We could learn a lot from Finnish schools
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Anyway . . . the Finns do not believe their education system can be readily adopted by other nations because their schools are woven into the fabric of Finnish culture. Finns are decidedly egalitarian, particularly in providing for children, according to Sandy’s paper. That’s why the Finnish government provides every child with day care and pre-school when they’re young, meals at school and a college education for those who qualify. Finnish children eat well and wear nice clothes (to me, they all look like they belong in an L.L. Bean ad), and their parents needn’t worry about paying for college.
“There is a near absence of poverty” in Finland, Julie Walker, a board member of the Partnership for 21st Century Skills, said in a recent Scholastic Administrator magazine article on Finnish schools. “Finland is #1!”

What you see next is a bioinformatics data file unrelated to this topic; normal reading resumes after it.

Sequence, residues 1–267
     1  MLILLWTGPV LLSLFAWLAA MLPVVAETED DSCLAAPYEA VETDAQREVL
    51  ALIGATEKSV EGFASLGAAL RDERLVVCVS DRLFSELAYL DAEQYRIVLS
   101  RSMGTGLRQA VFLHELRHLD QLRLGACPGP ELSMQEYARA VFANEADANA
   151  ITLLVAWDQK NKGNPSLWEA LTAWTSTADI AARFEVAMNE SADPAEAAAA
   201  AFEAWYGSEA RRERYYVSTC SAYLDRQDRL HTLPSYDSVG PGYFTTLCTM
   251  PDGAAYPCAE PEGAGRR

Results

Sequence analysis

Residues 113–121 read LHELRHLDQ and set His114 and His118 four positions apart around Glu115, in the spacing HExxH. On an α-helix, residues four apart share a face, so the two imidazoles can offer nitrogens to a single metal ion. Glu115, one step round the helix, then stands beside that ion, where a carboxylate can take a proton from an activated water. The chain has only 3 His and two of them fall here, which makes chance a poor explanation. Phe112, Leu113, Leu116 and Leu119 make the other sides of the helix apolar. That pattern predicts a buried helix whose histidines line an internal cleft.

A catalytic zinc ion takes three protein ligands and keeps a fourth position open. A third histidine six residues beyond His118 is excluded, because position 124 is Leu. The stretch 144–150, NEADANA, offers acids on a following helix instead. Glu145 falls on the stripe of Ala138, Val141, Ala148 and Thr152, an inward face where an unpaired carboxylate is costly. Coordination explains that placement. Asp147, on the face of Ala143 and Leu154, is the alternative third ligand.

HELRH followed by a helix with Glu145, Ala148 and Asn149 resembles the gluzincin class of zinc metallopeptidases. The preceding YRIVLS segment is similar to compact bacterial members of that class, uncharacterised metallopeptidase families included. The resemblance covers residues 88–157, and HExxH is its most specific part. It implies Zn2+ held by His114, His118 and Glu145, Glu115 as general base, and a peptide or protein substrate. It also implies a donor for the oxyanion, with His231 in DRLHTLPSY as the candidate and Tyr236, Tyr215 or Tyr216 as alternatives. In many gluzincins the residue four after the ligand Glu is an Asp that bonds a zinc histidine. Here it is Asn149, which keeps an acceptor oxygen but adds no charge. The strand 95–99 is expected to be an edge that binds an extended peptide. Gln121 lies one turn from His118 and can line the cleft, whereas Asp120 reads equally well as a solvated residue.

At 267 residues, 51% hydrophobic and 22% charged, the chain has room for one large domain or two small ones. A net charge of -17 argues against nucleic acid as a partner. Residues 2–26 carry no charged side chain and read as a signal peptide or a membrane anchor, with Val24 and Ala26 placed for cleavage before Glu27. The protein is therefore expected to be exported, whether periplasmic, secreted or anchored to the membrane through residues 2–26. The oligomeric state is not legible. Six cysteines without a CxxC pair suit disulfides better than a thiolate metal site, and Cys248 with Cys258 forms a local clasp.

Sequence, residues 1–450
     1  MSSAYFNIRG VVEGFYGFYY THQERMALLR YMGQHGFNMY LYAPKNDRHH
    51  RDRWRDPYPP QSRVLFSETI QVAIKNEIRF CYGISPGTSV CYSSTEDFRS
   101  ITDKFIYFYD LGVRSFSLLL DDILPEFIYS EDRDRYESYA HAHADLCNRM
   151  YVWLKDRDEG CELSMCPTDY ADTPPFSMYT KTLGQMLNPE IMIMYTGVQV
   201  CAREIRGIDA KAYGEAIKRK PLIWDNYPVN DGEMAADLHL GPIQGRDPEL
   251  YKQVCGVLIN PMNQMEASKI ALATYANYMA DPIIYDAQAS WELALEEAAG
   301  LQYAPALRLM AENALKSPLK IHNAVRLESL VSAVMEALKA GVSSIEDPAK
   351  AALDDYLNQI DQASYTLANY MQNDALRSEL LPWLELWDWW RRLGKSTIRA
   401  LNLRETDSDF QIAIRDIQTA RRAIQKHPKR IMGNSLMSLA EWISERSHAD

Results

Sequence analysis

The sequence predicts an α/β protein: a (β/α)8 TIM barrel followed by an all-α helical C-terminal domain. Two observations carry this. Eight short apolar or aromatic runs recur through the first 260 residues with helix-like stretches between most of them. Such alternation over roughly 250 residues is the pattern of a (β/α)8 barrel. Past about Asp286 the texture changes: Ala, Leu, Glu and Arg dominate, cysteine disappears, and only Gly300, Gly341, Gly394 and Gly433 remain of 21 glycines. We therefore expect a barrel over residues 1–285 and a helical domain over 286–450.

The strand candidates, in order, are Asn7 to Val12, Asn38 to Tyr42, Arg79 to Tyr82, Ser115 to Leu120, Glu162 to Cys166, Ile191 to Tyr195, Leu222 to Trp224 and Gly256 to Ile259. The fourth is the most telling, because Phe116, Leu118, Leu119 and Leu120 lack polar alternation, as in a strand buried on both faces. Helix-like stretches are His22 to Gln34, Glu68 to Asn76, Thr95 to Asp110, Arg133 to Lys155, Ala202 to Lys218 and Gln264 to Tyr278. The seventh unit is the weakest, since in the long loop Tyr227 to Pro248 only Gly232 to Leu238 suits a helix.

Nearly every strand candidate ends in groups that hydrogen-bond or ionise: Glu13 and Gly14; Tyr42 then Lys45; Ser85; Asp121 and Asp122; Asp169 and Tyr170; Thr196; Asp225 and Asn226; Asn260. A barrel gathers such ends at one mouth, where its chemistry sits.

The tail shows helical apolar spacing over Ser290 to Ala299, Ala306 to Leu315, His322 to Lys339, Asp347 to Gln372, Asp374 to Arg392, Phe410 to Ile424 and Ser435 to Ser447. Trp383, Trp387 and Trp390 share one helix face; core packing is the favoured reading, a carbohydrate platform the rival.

According to the United Nations, Finland is among the most “equal” countries on the planet. The U.S. and Great Britain, by contrast, are the least. In the U.S., wealthy children attend elite private schools, which are entry points to elite private colleges and universities. Finland, on the other hand, has no private schools, according to “What Americans Keep Ignoring About Finland’s School Success,” published in The Atlantic in December 2011.
Scholastic Administrator cited two other key reasons that Finns succeed on international standardized tests. One, third-language acquisition is a cornerstone of Finnish education. Yes, third language. In Finland, all children must learn Finnish and Swedish –– plus English, French or German.
Contrast that policy with the U.S.’s approach to second-language acquisition. Besides art and music, what’s the first program to go in a budget crunch? Foreign language.
Acquisition of a second or third language, however, helps wire young brains in profound and marvelous ways. It gets children thinking differently and requires rigorous discipline and attention to detail –– all of which helps them become academicians.